For the past seven years, I have devoted a significant amount of my time to investigating and telling the true story of US physician "board certification." That story has been one of deceit, private back-room deals, profiteering, and (worst of all in my humble opinion), the exploitation of working physicians and the patients for whom they care.
This writing has not come without its personal and professional costs, but when the story is one that affects the corruption of the largest single contributor to the US economy, what else should I have expected?
As I reflect on what this side job has exposed, it would be naive and dishonest to suggest that physicians are exempt from bearing some responsibility for rising healthcare costs in America. But it may go much further than that: our medical profession and its hallowed physician education regulatory system comprised of the unchecked Accreditation Council for Graduate Medical Education (ACGME) might be the very reason things were allowed to become so out of control. Our non-profit tax laws with their opaque reporting requirements have allowed huge "non-profits" to go unchecked in America - and most of those "non-profits" are in healthcare. (Just take a stroll by the American Medical Association (AMA) building in downtown Chicago sometime to get a feel for the magnitude of the problem.)
Why should the physician education and credentialing systems in America be exempt from such corruption?
Well, they are not.
From the earliest reports of a multi-million dollar condominium purchase by the same non-profit organization that created the "Choosing Wisely®" campaign to promote health care cost savings, the hypocrisy of US board certification was laid bare. With not-so-difficult internet Google searches, it was just a matter of time before the multiple deep-pocketed corporate ties between US physician board certification and Big Tobacco, Big Insurance, Group Purchase Organizations, and the Health Care Quality and Safety Industry became evident. Even our most widely respected health care journals, many of which were owned by state medical societies or physician specialty societies, published innumerable articles with an editorial blind eye to these financial conflicts. Even the Chief Medical Officer of the American Board of Internal Medicine is just a hired corporate consultant. To that end, is it any wonder that the so-called "voluntary" ABMS board certification product is now anything but voluntary for physicians, as trillions of health care dollars exchange hands in hospitals and insurance companies whose corporations believed the published propaganda?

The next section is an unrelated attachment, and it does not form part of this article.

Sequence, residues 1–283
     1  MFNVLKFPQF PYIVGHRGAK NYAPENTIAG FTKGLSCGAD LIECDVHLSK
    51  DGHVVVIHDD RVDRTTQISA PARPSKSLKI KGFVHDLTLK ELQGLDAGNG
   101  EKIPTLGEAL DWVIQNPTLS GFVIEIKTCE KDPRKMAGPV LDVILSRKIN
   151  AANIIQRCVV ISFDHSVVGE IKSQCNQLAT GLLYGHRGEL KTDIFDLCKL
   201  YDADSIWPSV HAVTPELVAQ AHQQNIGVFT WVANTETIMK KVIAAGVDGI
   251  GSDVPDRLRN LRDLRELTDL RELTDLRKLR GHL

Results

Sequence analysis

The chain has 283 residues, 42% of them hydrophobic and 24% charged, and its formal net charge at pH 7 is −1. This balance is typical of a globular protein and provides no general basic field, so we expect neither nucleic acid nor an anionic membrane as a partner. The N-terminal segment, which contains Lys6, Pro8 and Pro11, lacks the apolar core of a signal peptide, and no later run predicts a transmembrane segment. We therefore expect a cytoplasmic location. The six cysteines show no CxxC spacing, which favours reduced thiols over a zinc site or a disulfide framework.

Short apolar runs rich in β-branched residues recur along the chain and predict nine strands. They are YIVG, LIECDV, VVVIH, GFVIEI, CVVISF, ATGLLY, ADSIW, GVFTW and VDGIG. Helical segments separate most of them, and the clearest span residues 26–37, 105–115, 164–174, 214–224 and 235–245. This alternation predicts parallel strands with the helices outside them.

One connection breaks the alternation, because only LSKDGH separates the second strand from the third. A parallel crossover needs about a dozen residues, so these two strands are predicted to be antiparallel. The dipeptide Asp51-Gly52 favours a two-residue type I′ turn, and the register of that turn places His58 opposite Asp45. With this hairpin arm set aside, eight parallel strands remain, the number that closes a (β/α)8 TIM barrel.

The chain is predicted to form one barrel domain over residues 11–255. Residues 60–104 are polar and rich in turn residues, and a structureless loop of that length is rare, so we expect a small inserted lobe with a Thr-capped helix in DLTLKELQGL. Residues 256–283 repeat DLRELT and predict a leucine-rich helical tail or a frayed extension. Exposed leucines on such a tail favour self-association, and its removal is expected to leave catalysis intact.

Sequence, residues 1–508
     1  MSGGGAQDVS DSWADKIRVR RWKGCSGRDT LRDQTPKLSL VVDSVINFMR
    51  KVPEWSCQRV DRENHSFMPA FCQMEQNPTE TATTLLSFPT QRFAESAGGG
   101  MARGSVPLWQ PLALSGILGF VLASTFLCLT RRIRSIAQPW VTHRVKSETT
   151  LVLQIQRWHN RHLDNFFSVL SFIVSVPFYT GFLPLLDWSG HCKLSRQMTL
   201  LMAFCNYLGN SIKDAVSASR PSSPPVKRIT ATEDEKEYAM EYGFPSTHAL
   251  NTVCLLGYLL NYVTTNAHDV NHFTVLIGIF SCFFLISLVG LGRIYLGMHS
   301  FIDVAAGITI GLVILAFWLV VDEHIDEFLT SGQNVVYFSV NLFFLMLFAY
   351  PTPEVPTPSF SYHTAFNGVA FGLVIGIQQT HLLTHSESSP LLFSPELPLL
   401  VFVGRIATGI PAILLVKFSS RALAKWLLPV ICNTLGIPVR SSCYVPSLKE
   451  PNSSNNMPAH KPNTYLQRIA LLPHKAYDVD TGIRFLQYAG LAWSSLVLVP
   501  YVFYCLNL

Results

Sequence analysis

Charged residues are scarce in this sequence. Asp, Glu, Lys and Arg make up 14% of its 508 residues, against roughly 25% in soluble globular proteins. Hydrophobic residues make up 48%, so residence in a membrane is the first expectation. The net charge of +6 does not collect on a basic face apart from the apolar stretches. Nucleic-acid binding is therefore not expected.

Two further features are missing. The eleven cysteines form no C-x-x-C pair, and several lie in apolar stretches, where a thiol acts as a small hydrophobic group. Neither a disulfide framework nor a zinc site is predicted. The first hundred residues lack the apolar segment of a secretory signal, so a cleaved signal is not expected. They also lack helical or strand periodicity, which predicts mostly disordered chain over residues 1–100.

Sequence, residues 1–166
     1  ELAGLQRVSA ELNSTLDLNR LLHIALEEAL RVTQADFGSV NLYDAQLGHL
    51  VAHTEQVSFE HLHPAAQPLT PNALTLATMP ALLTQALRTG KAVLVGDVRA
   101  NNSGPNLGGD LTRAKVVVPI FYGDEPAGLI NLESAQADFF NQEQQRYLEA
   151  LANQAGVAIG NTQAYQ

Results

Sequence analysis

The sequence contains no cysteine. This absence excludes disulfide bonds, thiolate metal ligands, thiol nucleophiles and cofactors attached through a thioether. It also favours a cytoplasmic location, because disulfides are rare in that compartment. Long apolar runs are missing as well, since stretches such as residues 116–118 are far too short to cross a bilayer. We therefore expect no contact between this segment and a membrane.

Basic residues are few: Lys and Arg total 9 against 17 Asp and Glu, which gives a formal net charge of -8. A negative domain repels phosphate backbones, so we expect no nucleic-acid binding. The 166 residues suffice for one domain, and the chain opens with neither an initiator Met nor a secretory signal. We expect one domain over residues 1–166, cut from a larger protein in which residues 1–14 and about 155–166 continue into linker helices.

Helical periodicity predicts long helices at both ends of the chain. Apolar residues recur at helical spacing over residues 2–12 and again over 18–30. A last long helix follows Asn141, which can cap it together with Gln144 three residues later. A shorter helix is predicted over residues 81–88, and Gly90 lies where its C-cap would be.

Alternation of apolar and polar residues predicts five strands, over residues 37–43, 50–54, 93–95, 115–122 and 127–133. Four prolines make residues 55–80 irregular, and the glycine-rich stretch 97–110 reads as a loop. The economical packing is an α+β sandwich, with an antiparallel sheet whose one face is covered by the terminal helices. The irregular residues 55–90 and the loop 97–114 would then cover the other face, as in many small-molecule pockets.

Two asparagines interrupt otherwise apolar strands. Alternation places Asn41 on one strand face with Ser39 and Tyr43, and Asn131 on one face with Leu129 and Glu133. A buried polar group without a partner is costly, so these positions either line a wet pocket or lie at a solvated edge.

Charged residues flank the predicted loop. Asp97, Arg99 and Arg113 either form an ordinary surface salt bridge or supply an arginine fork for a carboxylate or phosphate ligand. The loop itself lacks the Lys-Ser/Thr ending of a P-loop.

This is why the "Maintenance of Certification" (MOC) story must be told and understood. Continuing the cover-up only serves to fan the flames of physician burnout and risks loss of more frontline highly-trained physicians to other professions.
Thankfully, the true history of AMBS board certification was recently published online. But it was not published in a medical journal. It was published in the public Siva v. American Board of Radiology antitrust lawsuit case docket.
And what a complicated and tortuous story it tells.
It is a story of public deception.
It is a story of physician exploitation.
It is a story of greed.
It is a story of trying to use Maintenance of Certification to control state's sovereignty over medical licensure.
It is a story of money for bureaucrats, hospitals, and numerous corporate interests at the expense of the youngest and most vulnerable physicians.
It is a story of a sophisticated self-serving physician education and credentialing racket.
And now, you can read the 79-page story here.
Let's hope Judge Jorge Alonso (who initially dismissed the case against the American Board of Radiology) reads it, too.
P.S.: Please consider supporting the Plaintiffs in their ongoing David vs Goliath MOC legal battles.